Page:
Originally from Singapore, Elizabeth Gabrielle Lee is a 23-year-old photographer currently living in London. After the shock of Brexit and the American presidential election last year, she noticed an increase in racist ideology and misunderstanding of minority cultures.
As a victim of prejudice herself, she decided to collaborate with other photographers like Vivian Fu, Clara Lee, and Ronan Mckenzie on a book entitled Xing, which means "sex," "sexuality," "wake up" and "a person's essence" in Mandarin.
Speaking with Slate, she explained how the multiple meanings of the word helped her pay tribute to her Chinese roots:
"I decided to work on Xing when I noticed there was a lack of representation for Asian women, in Asia and especially in the West.
After moving to London, I realized how 'the other' is perceived in western culture and how widespread false stereotypes about the Asian community are."
"Not all of us are petite, slim, docile and submissive"
Often romanticized and objectified, fetishes about Asian women are very common. However, speaking with Dazed, Elizabeth Gabrielle Lee explained that the reality of being an Asian woman is a different story: "Not all of us are petite, slim, docile and submissive," she explains.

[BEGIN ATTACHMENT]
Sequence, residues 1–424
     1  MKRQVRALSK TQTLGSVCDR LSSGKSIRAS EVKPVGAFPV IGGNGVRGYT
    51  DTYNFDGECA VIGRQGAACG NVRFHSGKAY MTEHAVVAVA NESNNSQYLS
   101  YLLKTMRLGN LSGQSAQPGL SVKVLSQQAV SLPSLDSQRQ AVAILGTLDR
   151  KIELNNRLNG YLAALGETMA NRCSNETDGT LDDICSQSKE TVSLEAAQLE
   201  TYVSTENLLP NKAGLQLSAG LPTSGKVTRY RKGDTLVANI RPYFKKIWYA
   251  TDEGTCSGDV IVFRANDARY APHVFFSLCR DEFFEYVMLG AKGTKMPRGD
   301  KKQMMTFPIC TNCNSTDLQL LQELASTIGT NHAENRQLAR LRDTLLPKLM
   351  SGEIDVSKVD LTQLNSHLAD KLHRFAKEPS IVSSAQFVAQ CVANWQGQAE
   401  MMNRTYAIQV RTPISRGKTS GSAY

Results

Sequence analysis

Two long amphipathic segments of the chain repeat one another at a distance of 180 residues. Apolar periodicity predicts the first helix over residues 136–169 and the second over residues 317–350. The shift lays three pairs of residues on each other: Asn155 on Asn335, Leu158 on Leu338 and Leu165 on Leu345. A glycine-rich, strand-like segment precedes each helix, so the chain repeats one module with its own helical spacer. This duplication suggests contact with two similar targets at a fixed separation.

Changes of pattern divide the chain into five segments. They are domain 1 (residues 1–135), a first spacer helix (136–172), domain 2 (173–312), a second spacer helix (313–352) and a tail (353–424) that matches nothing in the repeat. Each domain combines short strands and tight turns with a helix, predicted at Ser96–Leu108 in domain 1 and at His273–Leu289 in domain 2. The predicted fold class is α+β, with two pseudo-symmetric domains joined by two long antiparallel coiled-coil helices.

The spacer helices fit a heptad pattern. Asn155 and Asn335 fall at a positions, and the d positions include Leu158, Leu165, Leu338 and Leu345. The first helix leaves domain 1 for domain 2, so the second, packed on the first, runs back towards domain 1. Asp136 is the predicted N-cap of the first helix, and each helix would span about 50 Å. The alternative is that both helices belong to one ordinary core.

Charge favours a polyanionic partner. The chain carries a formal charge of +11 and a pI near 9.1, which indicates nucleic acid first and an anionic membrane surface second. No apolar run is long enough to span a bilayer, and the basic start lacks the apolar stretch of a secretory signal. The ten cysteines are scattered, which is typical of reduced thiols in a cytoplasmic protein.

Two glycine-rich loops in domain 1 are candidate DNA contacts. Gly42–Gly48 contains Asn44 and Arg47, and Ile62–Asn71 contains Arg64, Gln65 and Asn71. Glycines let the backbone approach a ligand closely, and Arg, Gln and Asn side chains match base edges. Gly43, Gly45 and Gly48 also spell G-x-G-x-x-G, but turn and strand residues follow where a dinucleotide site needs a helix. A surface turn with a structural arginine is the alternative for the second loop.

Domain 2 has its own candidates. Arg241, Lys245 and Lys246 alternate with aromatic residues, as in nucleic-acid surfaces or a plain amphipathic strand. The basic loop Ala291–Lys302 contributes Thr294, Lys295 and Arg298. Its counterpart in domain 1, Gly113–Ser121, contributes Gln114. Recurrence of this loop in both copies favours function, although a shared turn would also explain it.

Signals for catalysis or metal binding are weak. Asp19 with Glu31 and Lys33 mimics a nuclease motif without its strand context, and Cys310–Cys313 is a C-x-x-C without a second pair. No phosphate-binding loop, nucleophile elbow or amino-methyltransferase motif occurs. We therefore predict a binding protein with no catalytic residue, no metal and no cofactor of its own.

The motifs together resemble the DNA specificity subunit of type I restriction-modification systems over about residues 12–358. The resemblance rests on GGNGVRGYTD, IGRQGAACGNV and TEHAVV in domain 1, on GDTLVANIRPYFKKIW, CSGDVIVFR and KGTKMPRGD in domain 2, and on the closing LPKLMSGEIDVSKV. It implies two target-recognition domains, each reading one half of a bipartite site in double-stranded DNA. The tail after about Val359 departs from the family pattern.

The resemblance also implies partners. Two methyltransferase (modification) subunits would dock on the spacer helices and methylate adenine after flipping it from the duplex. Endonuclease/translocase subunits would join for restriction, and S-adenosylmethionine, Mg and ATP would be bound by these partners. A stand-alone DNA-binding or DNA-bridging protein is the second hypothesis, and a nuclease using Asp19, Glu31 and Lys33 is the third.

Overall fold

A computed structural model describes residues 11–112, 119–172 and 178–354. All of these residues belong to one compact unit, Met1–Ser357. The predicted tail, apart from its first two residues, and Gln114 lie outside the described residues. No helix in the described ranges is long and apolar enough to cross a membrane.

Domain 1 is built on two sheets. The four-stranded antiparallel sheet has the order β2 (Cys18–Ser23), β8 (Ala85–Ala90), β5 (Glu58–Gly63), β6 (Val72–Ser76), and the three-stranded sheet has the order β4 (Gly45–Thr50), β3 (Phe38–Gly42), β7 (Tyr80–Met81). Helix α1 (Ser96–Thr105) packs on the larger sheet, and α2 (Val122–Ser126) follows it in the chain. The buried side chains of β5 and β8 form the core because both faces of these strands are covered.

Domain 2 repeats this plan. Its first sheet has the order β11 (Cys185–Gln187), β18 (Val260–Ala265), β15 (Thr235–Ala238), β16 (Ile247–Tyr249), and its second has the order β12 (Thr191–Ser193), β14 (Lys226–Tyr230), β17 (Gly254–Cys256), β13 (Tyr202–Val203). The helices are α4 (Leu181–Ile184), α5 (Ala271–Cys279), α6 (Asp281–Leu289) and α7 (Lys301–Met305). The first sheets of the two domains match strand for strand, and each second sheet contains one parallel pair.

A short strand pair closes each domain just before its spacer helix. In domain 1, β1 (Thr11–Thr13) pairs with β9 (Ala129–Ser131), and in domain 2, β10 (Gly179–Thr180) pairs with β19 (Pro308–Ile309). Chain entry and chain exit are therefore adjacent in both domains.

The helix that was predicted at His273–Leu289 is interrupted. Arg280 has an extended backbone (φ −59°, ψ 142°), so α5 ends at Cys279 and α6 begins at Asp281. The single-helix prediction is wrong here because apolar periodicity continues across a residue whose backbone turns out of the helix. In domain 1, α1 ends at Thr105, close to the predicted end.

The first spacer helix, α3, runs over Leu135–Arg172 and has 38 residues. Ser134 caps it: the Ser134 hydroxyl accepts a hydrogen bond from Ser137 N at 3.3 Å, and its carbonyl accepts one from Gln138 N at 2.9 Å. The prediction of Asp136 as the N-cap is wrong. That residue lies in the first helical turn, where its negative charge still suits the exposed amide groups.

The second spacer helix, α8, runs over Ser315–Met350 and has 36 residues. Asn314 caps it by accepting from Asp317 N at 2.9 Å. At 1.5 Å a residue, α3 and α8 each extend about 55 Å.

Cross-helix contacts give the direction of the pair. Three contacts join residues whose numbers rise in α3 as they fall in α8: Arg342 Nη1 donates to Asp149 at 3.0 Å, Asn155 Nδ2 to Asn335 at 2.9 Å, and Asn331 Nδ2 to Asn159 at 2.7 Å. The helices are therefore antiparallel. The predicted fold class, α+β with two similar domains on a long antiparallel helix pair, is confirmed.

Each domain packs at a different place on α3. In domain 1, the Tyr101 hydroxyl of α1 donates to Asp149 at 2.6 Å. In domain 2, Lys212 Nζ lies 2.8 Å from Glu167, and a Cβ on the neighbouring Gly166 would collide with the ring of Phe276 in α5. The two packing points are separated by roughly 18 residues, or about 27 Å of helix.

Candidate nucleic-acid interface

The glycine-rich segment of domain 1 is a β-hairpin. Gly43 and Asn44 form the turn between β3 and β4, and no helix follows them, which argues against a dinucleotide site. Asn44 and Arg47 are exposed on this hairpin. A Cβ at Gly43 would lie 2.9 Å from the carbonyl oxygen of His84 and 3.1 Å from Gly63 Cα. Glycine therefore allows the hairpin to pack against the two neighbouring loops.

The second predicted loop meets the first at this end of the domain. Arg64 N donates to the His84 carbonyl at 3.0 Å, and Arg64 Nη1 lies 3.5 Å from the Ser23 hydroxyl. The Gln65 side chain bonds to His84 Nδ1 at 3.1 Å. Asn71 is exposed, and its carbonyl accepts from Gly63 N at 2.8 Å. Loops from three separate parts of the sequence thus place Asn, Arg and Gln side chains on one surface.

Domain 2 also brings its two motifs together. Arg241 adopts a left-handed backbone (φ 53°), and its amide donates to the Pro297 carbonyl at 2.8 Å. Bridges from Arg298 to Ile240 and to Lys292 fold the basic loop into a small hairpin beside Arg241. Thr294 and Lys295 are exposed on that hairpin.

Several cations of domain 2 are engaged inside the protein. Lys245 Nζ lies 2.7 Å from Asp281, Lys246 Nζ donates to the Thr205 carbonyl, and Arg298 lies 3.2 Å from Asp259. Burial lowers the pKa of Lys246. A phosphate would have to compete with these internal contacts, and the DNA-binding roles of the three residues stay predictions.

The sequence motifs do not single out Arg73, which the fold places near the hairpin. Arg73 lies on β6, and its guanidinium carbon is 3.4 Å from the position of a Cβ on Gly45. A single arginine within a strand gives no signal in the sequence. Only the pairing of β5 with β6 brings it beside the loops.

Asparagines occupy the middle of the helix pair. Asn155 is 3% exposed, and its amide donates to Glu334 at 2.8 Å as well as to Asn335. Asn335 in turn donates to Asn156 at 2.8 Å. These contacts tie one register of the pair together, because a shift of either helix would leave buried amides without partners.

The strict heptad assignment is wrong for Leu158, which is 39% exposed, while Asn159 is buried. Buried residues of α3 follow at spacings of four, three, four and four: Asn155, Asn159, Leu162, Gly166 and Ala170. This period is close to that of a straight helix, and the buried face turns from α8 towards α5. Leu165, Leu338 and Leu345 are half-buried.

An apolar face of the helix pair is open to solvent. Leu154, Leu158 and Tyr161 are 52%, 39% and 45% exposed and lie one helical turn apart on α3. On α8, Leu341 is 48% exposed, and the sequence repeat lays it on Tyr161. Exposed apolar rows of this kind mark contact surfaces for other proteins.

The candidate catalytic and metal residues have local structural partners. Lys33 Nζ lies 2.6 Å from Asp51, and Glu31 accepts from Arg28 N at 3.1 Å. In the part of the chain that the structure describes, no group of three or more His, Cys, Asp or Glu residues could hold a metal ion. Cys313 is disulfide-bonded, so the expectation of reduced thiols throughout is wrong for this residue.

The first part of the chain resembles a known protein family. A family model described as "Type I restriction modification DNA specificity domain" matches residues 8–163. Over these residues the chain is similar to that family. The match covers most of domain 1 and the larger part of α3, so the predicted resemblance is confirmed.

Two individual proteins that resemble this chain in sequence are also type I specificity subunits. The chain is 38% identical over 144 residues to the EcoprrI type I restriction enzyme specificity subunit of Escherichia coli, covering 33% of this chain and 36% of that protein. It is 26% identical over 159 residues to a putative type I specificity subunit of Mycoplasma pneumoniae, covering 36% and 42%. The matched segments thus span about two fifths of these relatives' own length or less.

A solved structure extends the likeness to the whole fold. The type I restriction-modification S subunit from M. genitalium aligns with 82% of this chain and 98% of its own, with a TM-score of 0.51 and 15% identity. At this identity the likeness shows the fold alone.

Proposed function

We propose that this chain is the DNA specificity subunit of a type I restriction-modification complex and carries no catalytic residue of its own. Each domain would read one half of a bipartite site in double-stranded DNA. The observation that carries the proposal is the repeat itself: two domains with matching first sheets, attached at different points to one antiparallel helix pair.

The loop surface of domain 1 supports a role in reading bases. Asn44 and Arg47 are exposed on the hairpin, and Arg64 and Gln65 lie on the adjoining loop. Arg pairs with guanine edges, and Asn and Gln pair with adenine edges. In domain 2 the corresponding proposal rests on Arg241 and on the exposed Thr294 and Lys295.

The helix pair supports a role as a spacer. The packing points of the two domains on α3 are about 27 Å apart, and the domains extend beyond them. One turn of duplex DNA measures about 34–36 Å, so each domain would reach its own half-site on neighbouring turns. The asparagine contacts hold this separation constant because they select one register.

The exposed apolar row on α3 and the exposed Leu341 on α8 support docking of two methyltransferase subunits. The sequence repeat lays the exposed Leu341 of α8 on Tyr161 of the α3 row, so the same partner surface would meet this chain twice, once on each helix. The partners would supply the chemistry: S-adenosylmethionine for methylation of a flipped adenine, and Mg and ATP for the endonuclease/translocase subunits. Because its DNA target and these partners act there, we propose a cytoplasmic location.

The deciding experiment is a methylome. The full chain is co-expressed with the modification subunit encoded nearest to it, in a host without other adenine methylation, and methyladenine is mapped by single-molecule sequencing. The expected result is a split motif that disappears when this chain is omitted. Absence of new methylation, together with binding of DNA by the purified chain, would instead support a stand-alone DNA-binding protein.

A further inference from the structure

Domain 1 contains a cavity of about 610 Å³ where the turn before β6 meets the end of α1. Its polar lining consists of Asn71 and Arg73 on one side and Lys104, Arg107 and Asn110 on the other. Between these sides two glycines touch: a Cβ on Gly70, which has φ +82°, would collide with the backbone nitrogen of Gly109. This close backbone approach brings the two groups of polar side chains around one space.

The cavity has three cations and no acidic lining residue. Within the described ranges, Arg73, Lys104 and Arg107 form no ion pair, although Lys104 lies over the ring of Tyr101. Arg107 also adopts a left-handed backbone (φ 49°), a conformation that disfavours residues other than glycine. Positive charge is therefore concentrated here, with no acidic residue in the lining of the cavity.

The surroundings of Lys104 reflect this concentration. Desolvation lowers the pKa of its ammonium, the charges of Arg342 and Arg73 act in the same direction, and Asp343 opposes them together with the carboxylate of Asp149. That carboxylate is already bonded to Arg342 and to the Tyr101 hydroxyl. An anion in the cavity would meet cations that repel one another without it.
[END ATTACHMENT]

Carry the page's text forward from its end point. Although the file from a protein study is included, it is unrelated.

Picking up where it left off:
Often reduced to cliches of the sexy schoolgirl, the tiger mother, or the trophy wife, Elizabeth says it's hard to define what it means to be an Asian woman in 2017. As the photographer puts it, "Asian women are looked upon as objects that can be molded or claimed at the hands of her beholder."
To reclaim her identity and highlight the complexity of Asian women, the author and photographers decided to feature Asian woman in a variety of situations, looking badass, sweet, political, and vulnerable at once.
The wide range of images shows these women for who they really are: multifaceted and human. The book is a visual dialog between several artists, all attempting to address a complex subject:
"I decided to take on this project despite it being a sensitive subject because I think race is still a taboo subject that no one wants to address directly, and Xing offers an alternative to the typical stories we hear about Asian women."
With this book, Elizabeth Gabrielle Lee has been able to reclaim her identity alongside other talented artists. It's an inspiring and necessary story of liberation.